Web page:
Clover, before you mine Sydney, watch Gasland
Opening this week is a small, yet powerful, documentary on the ill-effects of using the controversial “fracking” technique to extract natural gas.
Now, I’m not a scientist, or a geologist, but I am a film reviewer, and watching Gasland was illuminating enough to allow the mere mention of natural gas to prompt a range of pretty terrifying images.
So when a story broke over the weekend that suggests natural gas mining may soon become a reality for inner Sydney, it’s clear that the timing for the release of this powerful documentary film could not be more apt.
It will no doubt raise much needed awareness of the issues surrounding natural gas extraction and fuel the debate regarding natural gas extraction in Australia.
The film begins in 2006, when New York theatre director and documentary filmmaker, Josh Fox, receives a letter from a gas company offering him $100,000 for permission to explore his family’s upstate New York property. Unlike his neighbours, who were keen to sign on, Josh becomes more than a little curious. He was wondering, of course, what the generous offer would really cost, and what he discovered is the terrifying truth behind natural gas drilling in America.
The documentary follows Josh as he travels across America, speaking to those who have suffered tremendously in terms of their health as a result of the controversial ‘fracking’ technique. From mysterious illnesses, chronic disease, dead animals, and even tap water that can be set alight, this is a documentary that has to be seen to be believed.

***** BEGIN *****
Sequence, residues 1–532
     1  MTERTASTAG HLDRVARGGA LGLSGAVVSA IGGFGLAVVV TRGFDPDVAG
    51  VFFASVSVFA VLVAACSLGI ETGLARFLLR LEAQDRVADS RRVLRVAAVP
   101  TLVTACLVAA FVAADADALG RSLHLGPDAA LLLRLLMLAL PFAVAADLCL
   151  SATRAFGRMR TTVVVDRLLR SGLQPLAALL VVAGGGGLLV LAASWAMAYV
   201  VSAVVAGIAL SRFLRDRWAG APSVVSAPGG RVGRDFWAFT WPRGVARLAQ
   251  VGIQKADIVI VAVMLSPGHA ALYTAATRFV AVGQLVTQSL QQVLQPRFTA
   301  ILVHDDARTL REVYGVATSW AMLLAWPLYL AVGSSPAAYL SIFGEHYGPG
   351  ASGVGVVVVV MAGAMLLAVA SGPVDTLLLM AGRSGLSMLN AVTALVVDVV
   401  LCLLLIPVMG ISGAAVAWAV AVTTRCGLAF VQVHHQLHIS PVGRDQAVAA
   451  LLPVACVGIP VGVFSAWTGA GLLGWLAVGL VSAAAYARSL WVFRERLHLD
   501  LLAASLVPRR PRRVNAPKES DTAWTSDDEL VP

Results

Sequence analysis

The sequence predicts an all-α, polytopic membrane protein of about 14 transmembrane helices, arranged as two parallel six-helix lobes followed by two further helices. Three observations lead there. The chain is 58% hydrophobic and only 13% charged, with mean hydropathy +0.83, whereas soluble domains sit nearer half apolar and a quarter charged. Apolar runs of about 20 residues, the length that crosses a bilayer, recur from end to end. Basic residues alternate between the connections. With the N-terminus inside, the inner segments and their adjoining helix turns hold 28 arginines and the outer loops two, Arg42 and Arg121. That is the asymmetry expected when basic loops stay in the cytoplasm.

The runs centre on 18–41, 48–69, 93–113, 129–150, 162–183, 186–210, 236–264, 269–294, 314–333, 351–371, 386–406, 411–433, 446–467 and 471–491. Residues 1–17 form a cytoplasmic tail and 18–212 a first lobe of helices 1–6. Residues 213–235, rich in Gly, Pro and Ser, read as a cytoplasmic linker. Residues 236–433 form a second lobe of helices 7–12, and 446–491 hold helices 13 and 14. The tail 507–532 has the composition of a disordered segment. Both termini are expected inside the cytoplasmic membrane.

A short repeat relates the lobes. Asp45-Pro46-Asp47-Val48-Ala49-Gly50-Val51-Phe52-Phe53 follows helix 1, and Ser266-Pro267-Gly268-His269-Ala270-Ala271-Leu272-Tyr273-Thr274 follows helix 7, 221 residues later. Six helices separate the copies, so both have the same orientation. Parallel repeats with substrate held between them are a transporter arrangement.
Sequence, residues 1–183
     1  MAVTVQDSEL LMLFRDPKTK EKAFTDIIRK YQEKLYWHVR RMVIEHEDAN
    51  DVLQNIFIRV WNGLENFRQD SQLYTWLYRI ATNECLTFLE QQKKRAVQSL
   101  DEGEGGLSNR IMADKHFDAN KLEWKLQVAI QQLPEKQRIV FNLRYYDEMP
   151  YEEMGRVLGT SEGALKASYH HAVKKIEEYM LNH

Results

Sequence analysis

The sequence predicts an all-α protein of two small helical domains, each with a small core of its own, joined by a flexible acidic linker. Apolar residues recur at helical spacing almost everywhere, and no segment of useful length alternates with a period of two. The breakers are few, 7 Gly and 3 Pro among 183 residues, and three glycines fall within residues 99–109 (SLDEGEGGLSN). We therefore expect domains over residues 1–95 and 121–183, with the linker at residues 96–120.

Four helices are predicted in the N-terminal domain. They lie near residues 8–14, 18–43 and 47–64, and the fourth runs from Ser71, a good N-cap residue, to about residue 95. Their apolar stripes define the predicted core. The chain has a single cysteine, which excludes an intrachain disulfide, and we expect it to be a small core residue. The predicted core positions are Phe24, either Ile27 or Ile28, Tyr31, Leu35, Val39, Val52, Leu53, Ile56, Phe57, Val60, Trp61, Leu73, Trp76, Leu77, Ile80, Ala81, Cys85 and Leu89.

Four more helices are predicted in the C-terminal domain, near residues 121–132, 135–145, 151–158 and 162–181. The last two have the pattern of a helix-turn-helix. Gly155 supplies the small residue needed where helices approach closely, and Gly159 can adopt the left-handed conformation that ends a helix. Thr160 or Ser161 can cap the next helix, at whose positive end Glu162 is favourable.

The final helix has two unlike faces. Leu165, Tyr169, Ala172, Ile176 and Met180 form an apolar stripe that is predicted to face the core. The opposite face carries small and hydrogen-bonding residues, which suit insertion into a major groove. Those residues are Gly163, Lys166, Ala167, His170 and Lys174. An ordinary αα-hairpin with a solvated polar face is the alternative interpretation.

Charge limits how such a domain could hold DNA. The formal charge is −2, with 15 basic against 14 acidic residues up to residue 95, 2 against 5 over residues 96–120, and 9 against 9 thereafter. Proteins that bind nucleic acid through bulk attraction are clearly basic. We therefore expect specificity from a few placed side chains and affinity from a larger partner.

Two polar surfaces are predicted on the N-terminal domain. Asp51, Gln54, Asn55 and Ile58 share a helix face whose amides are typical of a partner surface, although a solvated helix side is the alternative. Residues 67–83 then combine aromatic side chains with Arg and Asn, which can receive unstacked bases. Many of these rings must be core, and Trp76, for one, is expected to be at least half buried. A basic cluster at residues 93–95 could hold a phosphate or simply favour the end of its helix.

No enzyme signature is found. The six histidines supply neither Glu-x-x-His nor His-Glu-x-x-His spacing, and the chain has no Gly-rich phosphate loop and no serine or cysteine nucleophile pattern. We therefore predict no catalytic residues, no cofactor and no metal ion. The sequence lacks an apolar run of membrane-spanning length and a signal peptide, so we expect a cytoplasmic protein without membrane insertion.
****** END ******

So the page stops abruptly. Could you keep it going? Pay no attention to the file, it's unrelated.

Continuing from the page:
The key issue the film brings to the surface is that once the ‘fracking’ starts, there are serious risks of water contamination. And, once the water is contaminated, bad things start happening to the people, animals and produce that depend on it. It really is quite frightening.
The film shows how, in the US, the gas companies had been supported by legislative change, voted in by the previous Bush/Cheney administration, allowing them to use certain chemicals without having to identify them publicly. Now, I understand that we are not in America, and I am no doubt not particularly knowledgeable when it comes to these issues, but with New South Wales and Queensland looking into natural gas extraction, it’s time we, the public, were given the facts.
The situations Josh Fox encounters in his film are tragic. He finds family after family hurt by the gas mining, and he is supported in his quest by the brave workers who risked themselves to provide chemical samples used in the fracking.
‘From the very moment I began with the project there was a lot of fear. I found myself having to play detective, to be a private eye. The workers who handed me the unidentified bottle showed unbelievable bravery; they were later threatened with physical violence. Even though they were anonymous, people knew who they were because they quit their jobs just after,’ Fox said.
It frightens me to think that what has happened in the US could happen here. So when Gasland opens in Australia tomorrow, I think it couldn’t be more timely.
Here’s hoping that Sydney’s Lord Mayor, Clover Moore, is a little partial to documentaries herself.
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